No word yet if there is a falcon inside. 

According to WREX the Quad Cities National Weather Service launched a balloon from their headquarters that has landed somewhere in Rockford and is looking for help in retrieving it.

The boundary they think it is in is bordered by State and Newberg to the north and south and Perryville and Mulford as the east and west boundries.

It is apparently legal and kind of a hobby for people to track and collect them when they eventually fall out of the sky. This guy has a pretty good video showing you how to do it if that is something that interests you.

Of course, the entire reason for this post is to talk about the famous balloon boy incident of <checks the internet> 2009!

This video is a little long but does an excellent job of recapping what happened.

There are a few moments in history that would have been absolutely epic in the current climate of social media. I personally kind of despise social media but it makes huge live events so much more compelling.

Imagine if we all had smartphones when Ron Artest went into the stands to fight a fan. The videos would have been insane and Twitter would have given us so much more insight into the calamity.

Some other events that would have been electric:

  • The OJ car chase
  • Miracle on Ice
  • JFK assisination
  • When H.W. vomited in Japan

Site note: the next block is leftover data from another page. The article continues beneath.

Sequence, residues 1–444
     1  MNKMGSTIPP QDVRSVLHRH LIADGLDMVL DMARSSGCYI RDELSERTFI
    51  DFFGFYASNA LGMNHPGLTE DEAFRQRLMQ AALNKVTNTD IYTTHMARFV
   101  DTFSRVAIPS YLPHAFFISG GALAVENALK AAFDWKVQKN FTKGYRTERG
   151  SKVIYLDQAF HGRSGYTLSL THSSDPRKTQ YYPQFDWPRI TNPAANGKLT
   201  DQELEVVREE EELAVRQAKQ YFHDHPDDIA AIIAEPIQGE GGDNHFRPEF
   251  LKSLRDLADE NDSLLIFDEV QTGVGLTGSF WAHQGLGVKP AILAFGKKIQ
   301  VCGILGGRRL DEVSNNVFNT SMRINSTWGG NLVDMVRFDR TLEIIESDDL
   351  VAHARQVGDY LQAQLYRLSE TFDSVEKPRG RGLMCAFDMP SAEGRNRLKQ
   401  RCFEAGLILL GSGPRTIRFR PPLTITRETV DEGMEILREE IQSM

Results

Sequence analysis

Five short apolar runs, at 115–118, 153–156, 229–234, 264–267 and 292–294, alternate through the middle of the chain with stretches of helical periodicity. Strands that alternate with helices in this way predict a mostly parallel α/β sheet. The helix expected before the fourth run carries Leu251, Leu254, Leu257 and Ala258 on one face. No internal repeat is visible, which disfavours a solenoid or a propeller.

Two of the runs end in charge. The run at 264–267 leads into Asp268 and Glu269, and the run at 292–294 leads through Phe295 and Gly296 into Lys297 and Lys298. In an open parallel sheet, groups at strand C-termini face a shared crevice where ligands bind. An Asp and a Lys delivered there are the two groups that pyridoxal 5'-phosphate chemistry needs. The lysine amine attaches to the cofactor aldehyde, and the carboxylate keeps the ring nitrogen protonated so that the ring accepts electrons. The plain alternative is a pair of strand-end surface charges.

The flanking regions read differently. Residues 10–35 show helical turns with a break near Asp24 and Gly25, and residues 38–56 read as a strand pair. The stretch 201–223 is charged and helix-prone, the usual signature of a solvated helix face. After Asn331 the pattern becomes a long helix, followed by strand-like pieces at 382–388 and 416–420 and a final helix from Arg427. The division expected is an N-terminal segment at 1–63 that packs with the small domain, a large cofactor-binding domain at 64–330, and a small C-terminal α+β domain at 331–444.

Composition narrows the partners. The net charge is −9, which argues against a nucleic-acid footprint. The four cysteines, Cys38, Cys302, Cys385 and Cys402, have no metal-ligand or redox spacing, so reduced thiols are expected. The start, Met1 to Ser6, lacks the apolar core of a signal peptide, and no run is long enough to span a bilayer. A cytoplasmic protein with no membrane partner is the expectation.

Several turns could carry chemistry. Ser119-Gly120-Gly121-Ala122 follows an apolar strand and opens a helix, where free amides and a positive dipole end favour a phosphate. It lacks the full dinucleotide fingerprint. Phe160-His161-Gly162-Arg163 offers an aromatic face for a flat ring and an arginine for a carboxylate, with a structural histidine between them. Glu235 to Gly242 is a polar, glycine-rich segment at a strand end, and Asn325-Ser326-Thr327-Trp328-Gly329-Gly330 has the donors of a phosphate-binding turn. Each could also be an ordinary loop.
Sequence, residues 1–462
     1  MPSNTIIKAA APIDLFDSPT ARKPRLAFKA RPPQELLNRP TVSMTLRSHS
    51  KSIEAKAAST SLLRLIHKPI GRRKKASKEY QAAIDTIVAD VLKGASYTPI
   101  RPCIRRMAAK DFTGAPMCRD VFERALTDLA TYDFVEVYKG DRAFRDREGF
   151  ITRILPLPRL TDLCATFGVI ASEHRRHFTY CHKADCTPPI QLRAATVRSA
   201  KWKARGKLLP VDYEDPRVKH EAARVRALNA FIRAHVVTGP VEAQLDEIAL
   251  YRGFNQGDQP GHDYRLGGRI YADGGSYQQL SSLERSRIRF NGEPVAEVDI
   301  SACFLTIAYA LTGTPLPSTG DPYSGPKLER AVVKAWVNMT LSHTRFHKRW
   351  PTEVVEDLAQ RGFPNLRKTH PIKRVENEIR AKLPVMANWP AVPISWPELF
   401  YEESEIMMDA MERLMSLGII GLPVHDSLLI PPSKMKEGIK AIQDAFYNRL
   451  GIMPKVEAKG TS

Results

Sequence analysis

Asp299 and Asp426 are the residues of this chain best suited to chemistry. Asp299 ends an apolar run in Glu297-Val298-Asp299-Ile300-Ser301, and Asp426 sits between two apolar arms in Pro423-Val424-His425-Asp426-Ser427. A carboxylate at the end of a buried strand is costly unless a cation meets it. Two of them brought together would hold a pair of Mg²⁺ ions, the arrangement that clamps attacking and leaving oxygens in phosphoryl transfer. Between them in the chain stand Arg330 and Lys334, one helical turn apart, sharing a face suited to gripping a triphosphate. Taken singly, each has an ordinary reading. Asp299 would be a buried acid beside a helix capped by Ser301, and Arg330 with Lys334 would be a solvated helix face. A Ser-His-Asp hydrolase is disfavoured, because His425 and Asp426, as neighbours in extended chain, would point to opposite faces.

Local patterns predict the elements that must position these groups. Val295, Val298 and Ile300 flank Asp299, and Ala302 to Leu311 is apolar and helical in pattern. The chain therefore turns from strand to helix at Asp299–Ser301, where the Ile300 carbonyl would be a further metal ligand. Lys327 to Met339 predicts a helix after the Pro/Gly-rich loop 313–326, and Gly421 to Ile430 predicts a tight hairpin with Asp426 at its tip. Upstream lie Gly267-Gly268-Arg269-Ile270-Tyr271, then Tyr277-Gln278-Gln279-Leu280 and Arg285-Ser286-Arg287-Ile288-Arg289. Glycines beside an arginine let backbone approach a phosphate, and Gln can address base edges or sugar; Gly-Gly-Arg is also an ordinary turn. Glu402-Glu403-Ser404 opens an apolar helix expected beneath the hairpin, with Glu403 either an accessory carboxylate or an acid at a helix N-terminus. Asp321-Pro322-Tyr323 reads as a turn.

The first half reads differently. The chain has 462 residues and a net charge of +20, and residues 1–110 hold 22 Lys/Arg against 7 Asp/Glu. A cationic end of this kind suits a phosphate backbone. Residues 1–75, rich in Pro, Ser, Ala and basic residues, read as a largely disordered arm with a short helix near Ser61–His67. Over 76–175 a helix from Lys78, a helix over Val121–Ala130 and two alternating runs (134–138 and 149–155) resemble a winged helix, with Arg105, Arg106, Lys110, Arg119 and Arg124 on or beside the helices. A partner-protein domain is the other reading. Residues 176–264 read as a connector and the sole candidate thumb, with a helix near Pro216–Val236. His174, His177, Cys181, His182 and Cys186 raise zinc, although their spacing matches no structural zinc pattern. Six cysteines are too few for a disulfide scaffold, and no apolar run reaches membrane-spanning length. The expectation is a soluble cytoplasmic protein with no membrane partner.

• The Seinfeld finale

But bubble boy would have been one of the best. You could have had skeptics right off the bat saying it was fake and then gloating when they were busted on live TV. Vigils would have been organized all over the country. It would have been chaos.

Anyway. If you find the weather balloon here in Rockford, just follow the directions on the white box to return it to the National Weather Service.

LOOK: The most expensive weather and climate disasters in recent decades

Stacker ranked the most expensive climate disasters by the billions since 1980 by the total cost of all damages, adjusted for inflation, based on 2021 data from the National Oceanic and Atmospheric Administration (NOAA). The list starts with Hurricane Sally, which caused $7.3 billion in damages in 2020, and ends with a devastating 2005 hurricane that caused $170 billion in damage and killed at least 1,833 people. Keep reading to discover the 50 of the most expensive climate disasters in recent decades in the U.S.


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